07 June 2012

陳陶 Chen Tao: 隴西行 Song of Longxi


Following my October 2009 post of 王翰 Wang Han's 涼州詞 "Song of Liangzhou" and my October 2011 post of 柳中庸 Liu Zhongyong's 征人怨 "A Soldier's Lament", here is yet another very subtle anti-war poem  This poem 隴西行  "Song of Longxi" is by a Late Tang poet 陳陶 Chen Tao, and has passed down in China from generation to generation for more than a thousand years.  It is a poem most hated by sovereigns and best loved by the people, particularly the last 2 lines and most particularly the first 2 characters of these 2 lines viz. 可憐 and 猶是.  I can only hope that my translating them as "Poor souls" and "Still alive" has done Chen Tao justice.  How do you feel?

Two further points on which I need your assistance and suggestions.  First, should the entire poem be rendered in the second person (addressing the dead soldiers), or the third person (narrating their plight), or am I right to render only the last 2 lines in the second person thereby creating a change in the tone of the poem from line 3 on (which is as it should be) and making my rendition less monotonous?  

Second, although "at home as spring comes by" is an appropriate and adequate ending of the poem, I am still inclined towards the "suggestive" interpretation of 春閨  as more than just "boudoir in spring" and am, therefore, very much tempted to embrace "of spring's sweet lullaby" which, to me, feels so much more poetic.  What do you say?  Kindly give my 3 questions some thought and give us, all bloggers, your views.

I now give you Chen Tao's "Song Longxi":-     

Chen Tao (812?-885?):  Song of Longxi

1        They vowed to crush the Tartars, regardless if they should die;
2        Five thousand fur-clad warriors, fell dead, in the dust now lie.
3        Poor souls, your bones abandoned, by Wuding’s shifting shores,
4        Still live in the dreams of your lovers at home as spring comes by.
                                                                                                
Translated by Andrew W.F. Wong (Huang Hongfa)    譯者: 黃宏發
25th May 2012 (revised 1.6.12; 6.6.12; 7.6.12)
Translated from the original - 陳陶:   隴西行

1        誓掃匈奴不顧身
2        五千貂錦喪胡塵
3        可憐無定河邊骨
4        猶是春閨夢裡人

Notes:
*    This English rendition is in hexameter (6 feet) while the original is in 7-character lines.  The rhyme scheme is AAXA as in the original.
*    Title:  隴西 Longxi is in present day 甘肅 Gansu Province in the north-western part of China. 
*    Line 1.  I had considered “swore” and “pledged” but have decided for “vowed”.  I had considered “swat” and “smash” but have decided for “crush”.  I have chosen the more general “Tartars” (over “Xiongnus” or “Huns”) to translate 匈奴.  Some may consider “Tartars” more specific, but I have no wish to enter into a detailed discussion here.  I had considered “mindless”, “mind not” and “care not” but have decided for “regardless”.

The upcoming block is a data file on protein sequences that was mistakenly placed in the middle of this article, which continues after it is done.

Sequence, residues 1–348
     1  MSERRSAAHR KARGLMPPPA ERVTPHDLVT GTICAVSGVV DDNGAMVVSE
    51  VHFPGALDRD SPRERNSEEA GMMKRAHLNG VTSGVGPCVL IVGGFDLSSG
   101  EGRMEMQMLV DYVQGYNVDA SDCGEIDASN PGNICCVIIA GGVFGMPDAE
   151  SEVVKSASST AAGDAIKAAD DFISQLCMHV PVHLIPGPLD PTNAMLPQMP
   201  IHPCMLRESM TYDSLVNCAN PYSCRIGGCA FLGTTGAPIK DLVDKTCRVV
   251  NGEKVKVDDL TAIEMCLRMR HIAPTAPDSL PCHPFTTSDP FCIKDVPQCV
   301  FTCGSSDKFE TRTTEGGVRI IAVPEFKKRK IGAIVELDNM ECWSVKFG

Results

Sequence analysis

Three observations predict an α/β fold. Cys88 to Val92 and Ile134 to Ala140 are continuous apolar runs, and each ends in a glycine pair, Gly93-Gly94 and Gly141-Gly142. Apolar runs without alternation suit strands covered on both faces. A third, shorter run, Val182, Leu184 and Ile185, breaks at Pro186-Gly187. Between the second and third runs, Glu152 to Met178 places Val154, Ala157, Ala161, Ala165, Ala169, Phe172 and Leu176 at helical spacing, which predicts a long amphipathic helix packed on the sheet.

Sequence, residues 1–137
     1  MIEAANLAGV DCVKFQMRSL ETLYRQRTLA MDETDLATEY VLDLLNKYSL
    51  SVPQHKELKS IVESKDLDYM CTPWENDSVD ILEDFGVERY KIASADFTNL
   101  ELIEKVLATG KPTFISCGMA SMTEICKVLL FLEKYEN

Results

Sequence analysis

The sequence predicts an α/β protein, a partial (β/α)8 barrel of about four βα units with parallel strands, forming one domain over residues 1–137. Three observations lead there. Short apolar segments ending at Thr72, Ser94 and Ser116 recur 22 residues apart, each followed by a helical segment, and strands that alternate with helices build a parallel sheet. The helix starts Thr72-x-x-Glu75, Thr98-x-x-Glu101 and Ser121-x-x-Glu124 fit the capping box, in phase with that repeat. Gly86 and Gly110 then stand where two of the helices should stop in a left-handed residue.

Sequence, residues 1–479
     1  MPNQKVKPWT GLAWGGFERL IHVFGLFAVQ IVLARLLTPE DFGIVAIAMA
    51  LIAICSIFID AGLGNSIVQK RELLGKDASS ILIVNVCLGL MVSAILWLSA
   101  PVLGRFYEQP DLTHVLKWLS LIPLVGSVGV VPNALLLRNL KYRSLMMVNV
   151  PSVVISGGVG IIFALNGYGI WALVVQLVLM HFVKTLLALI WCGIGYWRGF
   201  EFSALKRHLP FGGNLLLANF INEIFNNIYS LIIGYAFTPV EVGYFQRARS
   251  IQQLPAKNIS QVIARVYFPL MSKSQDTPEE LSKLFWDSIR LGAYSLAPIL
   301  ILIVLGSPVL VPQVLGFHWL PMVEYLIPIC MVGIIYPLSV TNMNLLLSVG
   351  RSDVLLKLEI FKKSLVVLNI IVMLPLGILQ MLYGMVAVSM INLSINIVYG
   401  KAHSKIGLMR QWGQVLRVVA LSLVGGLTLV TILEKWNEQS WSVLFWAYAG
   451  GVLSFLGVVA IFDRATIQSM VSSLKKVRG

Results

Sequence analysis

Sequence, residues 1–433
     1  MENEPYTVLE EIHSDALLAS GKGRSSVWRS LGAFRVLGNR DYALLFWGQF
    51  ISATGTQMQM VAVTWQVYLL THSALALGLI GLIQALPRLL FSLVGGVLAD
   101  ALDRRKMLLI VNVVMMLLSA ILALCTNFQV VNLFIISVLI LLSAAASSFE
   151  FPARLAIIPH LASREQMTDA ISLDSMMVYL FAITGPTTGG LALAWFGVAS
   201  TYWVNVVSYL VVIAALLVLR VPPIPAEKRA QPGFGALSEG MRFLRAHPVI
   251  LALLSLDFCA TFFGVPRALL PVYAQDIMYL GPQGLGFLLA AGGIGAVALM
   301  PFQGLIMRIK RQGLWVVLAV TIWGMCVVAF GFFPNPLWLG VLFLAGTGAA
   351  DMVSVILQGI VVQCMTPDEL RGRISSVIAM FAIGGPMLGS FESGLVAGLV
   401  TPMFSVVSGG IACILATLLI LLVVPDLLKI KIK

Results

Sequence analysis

*    Line 2:  貂錦 “sable and silk brocade” refers to the noble uniform of the elite corps (e.g. 錦衣衛 “Guards in Brocade Uniform”) and is, therefore, a synecdoche for such “soldiers/warriors/troopers”.  I had considered using “uniformed”, “finest” and “elite” to describe the men, but have decided for the inclusion of as “fur-clad” in my translation to highlight the cold weather at the border, hence, “fur-clad  warriors”.  It is not apparent in the original whether the “five thousand” refers to the whole army or just part (albeit, a large part) of it; I have left it open in my rendition.  I have omitted translating  “Hu” (which is a general term for all northern tribes which term I had rendered as “Tartars”  in my rendition of Yue Fei’s “Man Jiang Hong”) since 胡塵  can mean both “land of the northern tribes” and “land infested with people of the northern tribes”.
*    Line 3:  I had considered adding “O pity” somewhere in the line, but have decided “Poor souls” quite adequate.  I have added “abandoned” to heighten the “Poor souls” and “O pity” (which latter word I have not used) sentiments.   無定河 flows south from the Province of Inner Mongolia 内蒙古 through 陝西 Shaanxi Province into 黄河 Huang He, the Yellow River.  For 無定 (“shifting”, “unsettled”, “indeterminate”, etc.), I have used the transliteration “Wuding” but added the word “shifting” in “shifting shores” to explain the sandy and, therefore, changing/shifting nature of the Wuding river course, which also explains why it was so hard to retrieve the remains of the warriors there  abandoned.
*    Line 4:  means a lady’s “quarters/boudoir/bower” at home.  春 is literally “springtime” but figuratively suggests “a lady misses her man” as in 思春 “thinking of/yearning for love”.  I had, therefore, considered using “of love’s sweet lullaby” or “of spring’s sweet lullaby” to end the poem, but have now decided for the less suggestive “at home as spring comes by”.
*    Lines 3 and 4:  Although the poem can be rendered in both the second person (an address to the dead soldiers) and the third person (a narration of the plight of the dead soldiers), I favour the second person as it gives the lines more feeling, but have decided to render only lines 3 and 4 in the second person.

1 comment:

Andrew W.F. Wong 黃宏發 said...

I have now decided to revise my rendition as follows:-
(1) deleting the comma between "dust" and "now" in line 2,
(2) adding a comma between "abandoned" and "by" in line 3, and, most importantly,
(3) amending "alive" to read "live" and adding "the" before "dreams" in line 4.

I am, in other words, answering my own question on "Poor souls" and "Still alive" in saying that "Still alive" is inferior to "Still live" at least insofar as grammar is concerned if not also poetically. I wonder why no one has responded at all.

I have effected the revisions on my original post.